Kim wasn’t looking for a new job when, in early 2018, she came to UVA to give a presentation during an LGBTQ Health symposium. She was happy at George Washington, where she had been teaching for 15 years. But the invitation, she later learned, was part of a recruiting effort to expand the faculty beyond nurses. After returning for another campus visit with Kathy and their teenaged son Greyson later that year—and having her concerns assuaged about moving to a state where at the time someone could be legally fired for being gay—she accepted an endowed professorship, and the family began preparations to move from Washington, DC, to Charlottesville.

A few months later, on January 29, 2019—Kim’s birthday—Kathy was diagnosed with cancer. Her illness was terminal, their world turned upside down. Racked by sadness and stress, Kim wanted to back out of her UVA contract. But when Kathy asked if she was excited about the position, Kim responded, “Yeah, it’s my dream job.” Kathy, who always wanted to have a quieter life away from the city anyway, told her, “Then you’ve got to do it.”

Less than a year later, Kim is sitting in a large room inside McLeod Hall, where UVA Nursing is housed. She’s there for a start-of-the-semester meeting in which fellow faculty members, divided into small groups, are debating guidelines put forth by the American Association of Colleges of Nursing (AACN). Against a drab tan-walled backdrop, Kim’s bright red sweater and pink mug make her stand out. So, too, do her contributions to the discussion. At one point, she playfully jabs the AACN for not using Oxford commas. (She’s passionate about punctuation; one day after Kathy died, she posted a photo of an urn along with this tweet: “I’m taking a brief break from crying to judge the Virginia Cremation Society harshly for their rejection of the #oxfordcomma.” She also hosts the grammatically named Em Dash Podcast, billed as “the healthcare podcast that gives you pause.”) At another, she says, “I thought nurses are fiery advocates,” claiming that the paper in front of her makes it sound like they should simply be “rules followers.” Later, she admits that she might “skew a little too radical”—though her colleagues, whom she says are “very social justice focused” like her, mostly nod in agreement to everything she says.

Kim has a different background than most of the people in that room. Describing herself as an “activist academic,” she believes she’s both the only out lesbian faculty member at UVA Nursing and the school’s only social worker serving as a tenured professor. It’s a career arc she wouldn’t have predicted when she first arrived at Penn in 1991, intent on studying art history and then going to law school. But her dreams of being an art lawyer faded during a tedious internship at the Philadelphia Museum of Art, where she spent her time “editing a book on Dutch tiles in a closet office.” Deciding she needed a “more people-oriented major,” she shifted to sociology as an undergraduate, and then remained at the University continuously for almost 10 years, getting a master’s in social work and a PhD in human sexuality, with a focus on homeless women and HIV/AIDS. “Penn was interesting because I was trying to figure out who I was,” she says, calling it the “best decision of my life” to attend the University.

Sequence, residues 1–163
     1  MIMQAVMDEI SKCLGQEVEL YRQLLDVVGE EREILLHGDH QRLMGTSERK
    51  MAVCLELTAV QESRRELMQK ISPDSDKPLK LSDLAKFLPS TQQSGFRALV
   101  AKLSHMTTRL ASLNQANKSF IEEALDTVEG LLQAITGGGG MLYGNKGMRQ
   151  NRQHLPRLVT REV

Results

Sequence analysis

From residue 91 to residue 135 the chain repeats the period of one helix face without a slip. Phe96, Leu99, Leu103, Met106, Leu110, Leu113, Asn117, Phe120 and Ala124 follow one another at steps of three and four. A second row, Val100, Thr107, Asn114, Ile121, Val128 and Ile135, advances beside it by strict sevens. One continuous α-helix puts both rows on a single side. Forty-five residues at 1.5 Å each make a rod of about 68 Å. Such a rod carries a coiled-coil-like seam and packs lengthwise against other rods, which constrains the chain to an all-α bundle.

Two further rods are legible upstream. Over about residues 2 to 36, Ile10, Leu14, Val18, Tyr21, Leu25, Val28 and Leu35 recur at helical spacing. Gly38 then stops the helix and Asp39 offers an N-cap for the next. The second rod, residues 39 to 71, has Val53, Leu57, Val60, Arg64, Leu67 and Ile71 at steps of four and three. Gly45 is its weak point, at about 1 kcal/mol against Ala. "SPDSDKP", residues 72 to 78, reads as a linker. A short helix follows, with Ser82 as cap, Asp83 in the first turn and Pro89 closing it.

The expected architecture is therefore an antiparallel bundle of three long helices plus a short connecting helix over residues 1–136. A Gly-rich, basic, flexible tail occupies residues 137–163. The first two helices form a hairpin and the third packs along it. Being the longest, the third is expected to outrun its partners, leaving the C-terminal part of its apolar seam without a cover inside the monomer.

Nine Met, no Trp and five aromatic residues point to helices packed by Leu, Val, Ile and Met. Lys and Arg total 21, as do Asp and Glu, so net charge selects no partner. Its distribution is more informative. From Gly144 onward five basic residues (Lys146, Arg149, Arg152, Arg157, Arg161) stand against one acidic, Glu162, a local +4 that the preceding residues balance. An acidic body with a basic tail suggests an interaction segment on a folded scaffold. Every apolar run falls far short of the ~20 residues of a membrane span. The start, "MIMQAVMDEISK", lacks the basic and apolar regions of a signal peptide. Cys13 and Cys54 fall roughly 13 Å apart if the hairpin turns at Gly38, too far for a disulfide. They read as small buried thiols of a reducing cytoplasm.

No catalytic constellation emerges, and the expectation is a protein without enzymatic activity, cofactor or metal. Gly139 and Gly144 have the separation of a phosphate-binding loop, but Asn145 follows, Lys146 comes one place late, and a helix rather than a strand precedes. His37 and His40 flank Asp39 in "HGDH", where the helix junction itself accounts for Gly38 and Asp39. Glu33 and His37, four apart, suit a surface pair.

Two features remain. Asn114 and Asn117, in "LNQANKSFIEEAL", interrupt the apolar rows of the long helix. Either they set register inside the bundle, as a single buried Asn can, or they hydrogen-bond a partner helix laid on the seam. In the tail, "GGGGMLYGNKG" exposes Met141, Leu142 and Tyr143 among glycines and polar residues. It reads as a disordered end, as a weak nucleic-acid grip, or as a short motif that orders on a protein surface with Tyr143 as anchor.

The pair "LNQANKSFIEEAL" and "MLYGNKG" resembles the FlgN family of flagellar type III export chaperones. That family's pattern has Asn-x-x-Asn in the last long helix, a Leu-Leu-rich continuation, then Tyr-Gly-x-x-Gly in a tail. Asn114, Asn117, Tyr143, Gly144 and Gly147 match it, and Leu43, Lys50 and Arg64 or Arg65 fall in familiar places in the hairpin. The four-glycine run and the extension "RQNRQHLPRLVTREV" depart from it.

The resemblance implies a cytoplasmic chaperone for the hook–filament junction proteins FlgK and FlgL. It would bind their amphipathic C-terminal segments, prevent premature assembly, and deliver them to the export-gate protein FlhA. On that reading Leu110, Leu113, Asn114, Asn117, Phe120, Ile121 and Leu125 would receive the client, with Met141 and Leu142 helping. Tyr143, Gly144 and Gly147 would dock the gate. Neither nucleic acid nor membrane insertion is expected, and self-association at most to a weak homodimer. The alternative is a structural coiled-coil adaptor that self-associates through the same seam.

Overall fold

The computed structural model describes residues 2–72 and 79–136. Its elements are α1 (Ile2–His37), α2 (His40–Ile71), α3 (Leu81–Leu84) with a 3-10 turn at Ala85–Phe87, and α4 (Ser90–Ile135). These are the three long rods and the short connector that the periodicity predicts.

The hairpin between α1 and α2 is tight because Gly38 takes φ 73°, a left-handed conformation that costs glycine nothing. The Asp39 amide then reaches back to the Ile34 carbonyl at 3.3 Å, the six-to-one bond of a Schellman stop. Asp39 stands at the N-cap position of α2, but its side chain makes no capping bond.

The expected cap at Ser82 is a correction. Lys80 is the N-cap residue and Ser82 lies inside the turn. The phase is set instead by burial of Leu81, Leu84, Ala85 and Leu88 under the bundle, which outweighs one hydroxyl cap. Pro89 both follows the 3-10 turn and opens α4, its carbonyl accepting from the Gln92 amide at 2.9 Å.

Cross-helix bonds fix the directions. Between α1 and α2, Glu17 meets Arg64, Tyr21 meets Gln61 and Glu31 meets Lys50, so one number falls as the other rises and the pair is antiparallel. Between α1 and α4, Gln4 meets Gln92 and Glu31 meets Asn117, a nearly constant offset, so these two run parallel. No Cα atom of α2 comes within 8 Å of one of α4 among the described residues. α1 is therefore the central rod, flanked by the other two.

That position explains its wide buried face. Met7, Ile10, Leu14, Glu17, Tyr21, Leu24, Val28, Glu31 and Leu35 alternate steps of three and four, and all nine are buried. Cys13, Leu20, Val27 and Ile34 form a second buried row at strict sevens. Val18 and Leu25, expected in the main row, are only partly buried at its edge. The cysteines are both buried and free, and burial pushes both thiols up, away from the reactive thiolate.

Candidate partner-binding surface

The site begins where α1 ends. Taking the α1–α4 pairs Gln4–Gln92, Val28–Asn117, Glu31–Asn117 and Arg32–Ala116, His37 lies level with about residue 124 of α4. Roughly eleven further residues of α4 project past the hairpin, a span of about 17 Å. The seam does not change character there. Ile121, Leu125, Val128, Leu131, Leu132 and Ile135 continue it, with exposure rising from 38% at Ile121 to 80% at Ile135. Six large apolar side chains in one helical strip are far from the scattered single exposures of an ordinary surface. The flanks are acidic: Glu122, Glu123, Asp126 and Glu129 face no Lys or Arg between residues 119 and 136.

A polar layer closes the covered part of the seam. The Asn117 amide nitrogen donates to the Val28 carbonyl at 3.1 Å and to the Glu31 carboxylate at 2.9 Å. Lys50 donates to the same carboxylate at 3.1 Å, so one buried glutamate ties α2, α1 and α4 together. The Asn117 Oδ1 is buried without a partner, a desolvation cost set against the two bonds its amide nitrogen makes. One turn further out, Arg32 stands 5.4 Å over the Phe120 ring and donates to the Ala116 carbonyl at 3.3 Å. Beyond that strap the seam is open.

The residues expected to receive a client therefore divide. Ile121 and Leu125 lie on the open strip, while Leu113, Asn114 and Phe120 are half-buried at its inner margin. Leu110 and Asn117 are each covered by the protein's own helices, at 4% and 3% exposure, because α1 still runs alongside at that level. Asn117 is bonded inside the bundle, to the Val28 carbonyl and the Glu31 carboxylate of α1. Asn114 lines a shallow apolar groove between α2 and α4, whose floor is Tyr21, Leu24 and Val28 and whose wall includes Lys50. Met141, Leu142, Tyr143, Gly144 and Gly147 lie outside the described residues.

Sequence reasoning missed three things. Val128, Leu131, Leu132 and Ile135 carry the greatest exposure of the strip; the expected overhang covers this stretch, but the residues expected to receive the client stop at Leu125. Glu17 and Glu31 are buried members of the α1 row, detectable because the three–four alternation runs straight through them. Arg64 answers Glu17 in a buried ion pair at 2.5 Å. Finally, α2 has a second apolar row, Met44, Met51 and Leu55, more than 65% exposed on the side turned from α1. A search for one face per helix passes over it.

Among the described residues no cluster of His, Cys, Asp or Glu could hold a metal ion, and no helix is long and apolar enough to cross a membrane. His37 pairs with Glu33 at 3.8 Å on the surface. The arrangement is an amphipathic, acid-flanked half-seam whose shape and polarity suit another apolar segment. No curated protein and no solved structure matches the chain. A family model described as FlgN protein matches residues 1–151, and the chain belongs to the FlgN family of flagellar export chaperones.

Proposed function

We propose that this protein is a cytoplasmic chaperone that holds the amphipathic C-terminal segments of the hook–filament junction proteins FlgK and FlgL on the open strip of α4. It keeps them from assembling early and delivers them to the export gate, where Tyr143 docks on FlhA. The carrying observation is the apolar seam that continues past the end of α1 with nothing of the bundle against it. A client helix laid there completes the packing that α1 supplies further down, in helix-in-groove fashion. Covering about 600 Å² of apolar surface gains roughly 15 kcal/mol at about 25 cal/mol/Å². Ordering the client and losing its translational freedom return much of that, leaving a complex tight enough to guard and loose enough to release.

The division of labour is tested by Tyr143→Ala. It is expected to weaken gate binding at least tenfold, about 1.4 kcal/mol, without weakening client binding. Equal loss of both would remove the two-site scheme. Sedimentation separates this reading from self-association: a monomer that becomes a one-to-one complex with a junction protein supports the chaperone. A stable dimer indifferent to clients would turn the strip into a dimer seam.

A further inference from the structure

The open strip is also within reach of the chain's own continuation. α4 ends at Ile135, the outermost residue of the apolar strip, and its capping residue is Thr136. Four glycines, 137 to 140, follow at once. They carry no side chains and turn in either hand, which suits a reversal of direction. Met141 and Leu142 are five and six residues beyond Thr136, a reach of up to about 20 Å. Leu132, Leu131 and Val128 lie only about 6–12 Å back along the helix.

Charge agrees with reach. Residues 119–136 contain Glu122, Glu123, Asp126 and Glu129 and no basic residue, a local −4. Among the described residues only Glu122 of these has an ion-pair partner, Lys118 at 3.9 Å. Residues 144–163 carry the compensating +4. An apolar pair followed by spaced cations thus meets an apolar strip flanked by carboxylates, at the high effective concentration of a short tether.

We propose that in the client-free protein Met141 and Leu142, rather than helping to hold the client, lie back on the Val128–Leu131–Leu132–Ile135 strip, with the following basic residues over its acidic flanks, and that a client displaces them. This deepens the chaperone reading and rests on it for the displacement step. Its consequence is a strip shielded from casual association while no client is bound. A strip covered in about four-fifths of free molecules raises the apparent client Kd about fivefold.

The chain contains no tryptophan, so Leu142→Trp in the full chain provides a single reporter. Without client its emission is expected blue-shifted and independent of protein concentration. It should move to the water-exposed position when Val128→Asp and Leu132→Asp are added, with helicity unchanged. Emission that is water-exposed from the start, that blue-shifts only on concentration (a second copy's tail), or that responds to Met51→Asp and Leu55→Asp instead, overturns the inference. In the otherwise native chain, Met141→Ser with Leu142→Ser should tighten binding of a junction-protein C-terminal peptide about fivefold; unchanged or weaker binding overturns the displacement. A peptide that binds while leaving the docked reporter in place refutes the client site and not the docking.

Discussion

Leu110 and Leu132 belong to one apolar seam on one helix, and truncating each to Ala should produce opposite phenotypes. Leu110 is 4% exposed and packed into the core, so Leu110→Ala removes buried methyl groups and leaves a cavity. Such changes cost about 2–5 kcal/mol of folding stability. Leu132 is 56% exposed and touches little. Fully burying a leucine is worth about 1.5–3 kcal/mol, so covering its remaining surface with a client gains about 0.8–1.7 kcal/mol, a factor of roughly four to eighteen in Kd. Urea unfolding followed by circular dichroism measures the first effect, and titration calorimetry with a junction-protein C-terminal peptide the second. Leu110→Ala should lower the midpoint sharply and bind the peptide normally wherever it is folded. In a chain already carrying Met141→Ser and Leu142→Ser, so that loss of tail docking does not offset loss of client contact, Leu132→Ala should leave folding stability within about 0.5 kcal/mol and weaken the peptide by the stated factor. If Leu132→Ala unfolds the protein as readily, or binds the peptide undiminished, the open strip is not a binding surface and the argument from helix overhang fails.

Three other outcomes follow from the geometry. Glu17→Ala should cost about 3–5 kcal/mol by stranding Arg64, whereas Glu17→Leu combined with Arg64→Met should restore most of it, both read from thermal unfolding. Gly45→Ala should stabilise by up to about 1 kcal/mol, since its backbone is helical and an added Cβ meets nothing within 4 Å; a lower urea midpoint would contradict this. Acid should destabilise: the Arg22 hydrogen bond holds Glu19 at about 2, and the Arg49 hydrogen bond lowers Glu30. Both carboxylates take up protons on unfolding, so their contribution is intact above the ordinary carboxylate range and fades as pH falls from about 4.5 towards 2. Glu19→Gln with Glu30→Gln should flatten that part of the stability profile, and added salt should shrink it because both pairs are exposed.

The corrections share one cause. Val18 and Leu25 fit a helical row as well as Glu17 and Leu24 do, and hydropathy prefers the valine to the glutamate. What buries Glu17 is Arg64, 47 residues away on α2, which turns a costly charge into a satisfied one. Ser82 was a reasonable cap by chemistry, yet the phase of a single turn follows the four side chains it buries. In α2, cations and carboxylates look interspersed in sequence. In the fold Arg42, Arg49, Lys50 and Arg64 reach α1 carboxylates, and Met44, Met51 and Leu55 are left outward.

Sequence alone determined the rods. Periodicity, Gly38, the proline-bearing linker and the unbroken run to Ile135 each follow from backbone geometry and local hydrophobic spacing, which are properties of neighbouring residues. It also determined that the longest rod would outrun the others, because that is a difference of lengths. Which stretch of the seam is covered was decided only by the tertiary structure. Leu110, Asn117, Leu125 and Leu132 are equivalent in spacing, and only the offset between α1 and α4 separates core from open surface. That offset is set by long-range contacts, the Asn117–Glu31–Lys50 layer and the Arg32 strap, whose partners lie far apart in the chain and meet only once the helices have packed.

Kim was still working on her dissertation when she followed a girlfriend to Florida and began to work at Suncoast Hospice. There she met Kathy, who served as the hospice’s head of outreach—and had to deal with Kim pestering her about what her newly created job as a research director should entail. “I drove her nuts,” Kim says. “She made a duct tape line on the entrance to her cubicle office for me not to cross because I was bothering her so much.” Soon enough, Kim (who had since broken up with her previous girlfriend) broke past that line and the two became friends. Later, they started dating. When Kathy was recruited for a senior-level position at the National Hospice and Palliative Care Organization outside of DC, they packed their bags together for the nation’s capital, where Kim landed a job at George Washington, first as a visiting faculty member and then as a tenured professor.

Life in academia has suited her well ever since. At UVA, she teaches health policy to undergraduate and graduate students, trying to “weave LGBT inclusion, social justice, and racial equity into every class.” And beyond the classroom, too. Shortly after the morning meeting ends, I follow Kim to a slideshow presentation she’s giving entitled: “LGBTQ-Inclusive Palliative Care: A Caregiver’s Perspective.” Right off the bat, she asks the UVA nurses and doctors in the room if they want a technical presentation or a more personal one. Every hand goes up for the latter.

So she tells them about Kathy.

Kathy and Greyson are taking disco naps. Listening to the two of them breathing softly, my heart sings. Then I remember that one of these gentle snores will fall silent soon and my breath catches in my throat. Still, there is joy in the now.
—@kimacquaviva, April 26, 2019

Although they’d eventually be dubbed a “palliative care power couple,” Kim and Kathy weren’t always as open about their relationships and sexualities.